The recent Sony and Epsilon breaches sent a strong reminder that companies lack transparency and aren't prepared to respond to a breach once it occurs, says Kirk Herath, Chief Privacy Officer at Nationwide Insurance Companies.
The recent data breaches at Epsilon and Sony should send a chilling message to privacy officers everywhere. "You can't prepare enough," says Kirk Herath, chief privacy officer of Nationwide Insurance Companies.
Kirk Herath, Chief Privacy Officer at Nationwide Insurance Companies, has been in privacy management for more than a decade, and he has two main concerns about today's enterprise: Mobile technology and cloud computing.
The federal list of major healthcare information breaches that have occurred since September 2009 didn't grow much in the past month. The list now includes 272 cases affecting a total of almost 10.9 million individuals.
"Unfortunately, like many organizations, we were targeted by criminal hackers who penetrated our system with a new strain of a virus," Massachusetts Labor and Workforce Development Secretary Joanne Goldstein says.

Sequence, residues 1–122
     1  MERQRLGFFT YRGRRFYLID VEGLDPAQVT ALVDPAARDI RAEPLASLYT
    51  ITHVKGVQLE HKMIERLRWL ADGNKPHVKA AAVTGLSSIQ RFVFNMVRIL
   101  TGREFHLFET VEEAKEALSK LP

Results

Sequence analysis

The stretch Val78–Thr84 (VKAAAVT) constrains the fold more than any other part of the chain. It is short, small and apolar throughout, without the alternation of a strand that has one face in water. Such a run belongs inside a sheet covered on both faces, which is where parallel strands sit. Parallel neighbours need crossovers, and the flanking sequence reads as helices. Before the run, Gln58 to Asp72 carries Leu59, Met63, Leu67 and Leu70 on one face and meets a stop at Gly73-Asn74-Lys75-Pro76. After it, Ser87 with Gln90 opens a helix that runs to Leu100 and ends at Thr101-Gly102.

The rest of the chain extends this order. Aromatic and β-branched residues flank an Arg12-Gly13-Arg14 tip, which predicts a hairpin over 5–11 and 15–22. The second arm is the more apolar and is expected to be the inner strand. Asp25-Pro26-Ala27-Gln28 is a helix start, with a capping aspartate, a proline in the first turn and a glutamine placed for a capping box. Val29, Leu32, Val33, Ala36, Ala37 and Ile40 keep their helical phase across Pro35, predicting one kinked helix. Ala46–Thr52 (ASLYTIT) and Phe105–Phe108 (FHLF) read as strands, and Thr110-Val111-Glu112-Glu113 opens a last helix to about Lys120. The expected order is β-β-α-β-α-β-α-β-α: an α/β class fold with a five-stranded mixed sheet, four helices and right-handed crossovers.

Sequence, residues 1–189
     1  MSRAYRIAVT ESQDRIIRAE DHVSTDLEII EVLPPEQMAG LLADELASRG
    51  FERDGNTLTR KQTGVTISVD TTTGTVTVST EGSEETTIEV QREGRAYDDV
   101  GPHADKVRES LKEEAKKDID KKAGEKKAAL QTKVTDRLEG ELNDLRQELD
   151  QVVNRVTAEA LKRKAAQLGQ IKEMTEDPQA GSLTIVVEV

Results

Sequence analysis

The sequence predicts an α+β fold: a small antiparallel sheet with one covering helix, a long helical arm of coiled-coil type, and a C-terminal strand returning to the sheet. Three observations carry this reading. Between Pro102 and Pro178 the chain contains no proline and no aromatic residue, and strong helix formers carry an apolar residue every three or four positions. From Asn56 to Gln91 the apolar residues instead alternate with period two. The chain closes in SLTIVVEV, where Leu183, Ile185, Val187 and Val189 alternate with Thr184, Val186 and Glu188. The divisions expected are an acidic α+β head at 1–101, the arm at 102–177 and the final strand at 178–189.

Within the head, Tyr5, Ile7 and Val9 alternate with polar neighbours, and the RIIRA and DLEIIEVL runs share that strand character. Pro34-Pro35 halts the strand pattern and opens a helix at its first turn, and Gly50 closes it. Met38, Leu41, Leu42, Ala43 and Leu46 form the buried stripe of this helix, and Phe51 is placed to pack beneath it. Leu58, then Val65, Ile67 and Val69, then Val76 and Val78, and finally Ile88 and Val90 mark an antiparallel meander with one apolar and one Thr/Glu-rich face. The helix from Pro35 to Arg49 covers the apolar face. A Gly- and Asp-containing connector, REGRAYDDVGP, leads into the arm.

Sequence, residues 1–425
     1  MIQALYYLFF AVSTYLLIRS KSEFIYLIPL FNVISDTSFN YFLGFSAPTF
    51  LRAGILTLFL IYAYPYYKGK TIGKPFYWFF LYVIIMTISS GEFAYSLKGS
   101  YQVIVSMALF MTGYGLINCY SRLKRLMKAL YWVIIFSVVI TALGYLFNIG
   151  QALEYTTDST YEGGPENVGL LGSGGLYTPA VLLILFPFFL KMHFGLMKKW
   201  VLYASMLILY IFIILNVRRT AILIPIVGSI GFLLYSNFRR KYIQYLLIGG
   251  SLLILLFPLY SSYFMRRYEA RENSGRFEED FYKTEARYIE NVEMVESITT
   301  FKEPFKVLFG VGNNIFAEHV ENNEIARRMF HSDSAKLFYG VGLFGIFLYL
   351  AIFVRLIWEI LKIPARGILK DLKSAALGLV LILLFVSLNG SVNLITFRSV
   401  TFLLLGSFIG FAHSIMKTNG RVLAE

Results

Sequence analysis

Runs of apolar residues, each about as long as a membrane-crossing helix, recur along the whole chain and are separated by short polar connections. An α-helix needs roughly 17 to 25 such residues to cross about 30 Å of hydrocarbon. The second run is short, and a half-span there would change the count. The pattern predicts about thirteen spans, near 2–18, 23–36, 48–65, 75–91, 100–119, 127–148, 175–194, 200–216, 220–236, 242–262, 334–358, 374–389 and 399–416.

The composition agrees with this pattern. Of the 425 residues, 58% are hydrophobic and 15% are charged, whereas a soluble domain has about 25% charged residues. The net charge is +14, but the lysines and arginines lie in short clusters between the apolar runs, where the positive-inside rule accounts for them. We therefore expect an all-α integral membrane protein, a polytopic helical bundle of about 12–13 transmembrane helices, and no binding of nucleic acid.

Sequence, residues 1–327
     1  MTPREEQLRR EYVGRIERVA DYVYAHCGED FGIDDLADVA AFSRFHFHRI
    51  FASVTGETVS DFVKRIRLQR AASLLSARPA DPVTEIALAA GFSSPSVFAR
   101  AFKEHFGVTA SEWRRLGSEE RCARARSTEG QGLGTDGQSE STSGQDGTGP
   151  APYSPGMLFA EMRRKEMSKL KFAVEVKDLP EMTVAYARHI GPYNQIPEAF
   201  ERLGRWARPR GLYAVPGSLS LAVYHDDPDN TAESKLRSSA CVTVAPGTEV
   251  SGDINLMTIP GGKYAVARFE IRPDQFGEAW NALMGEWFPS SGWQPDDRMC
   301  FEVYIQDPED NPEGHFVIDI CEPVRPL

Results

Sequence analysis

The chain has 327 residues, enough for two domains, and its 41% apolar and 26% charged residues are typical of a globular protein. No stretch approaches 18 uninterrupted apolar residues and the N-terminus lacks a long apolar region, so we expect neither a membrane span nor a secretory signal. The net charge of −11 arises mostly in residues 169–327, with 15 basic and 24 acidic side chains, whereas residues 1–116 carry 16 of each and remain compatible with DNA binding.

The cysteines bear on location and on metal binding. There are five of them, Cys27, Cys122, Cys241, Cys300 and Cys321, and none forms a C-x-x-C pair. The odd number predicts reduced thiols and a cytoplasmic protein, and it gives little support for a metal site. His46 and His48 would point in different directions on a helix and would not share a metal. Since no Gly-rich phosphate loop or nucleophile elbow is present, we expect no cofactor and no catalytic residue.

The Obama administration's plan for a federal data breach notification policy is too vague to be effective, and it lacks teeth to penalize violators, according to experts who raise open questions about the proposal.
Kazuo Hirai, a top Sony executives, says the company is applying advanced security technology, increasing levels of encryption, adding firewalls and implementing early warning systems to detect attacks on network.
A silver lining is emerging behind the rash of breaches that occur all too regularly. The fact that these breaches make the public more aware of the vulnerabilities is encouraging in efforts to make the Internet safer for all.
In the wake of the RSA, Epsilon and Sony PlayStation data breaches, we spoke to two global information security leaders and asked for their three biggest leadership lessons learned. Here is what they shared.
"Our security teams were working very hard to defend against denial of service attacks, and that may have made it more difficult to detect the intrusion quickly, all perhaps by design," Sony Computer Entertainment America Chairman Kazuo Hirai said in a letter to Congress.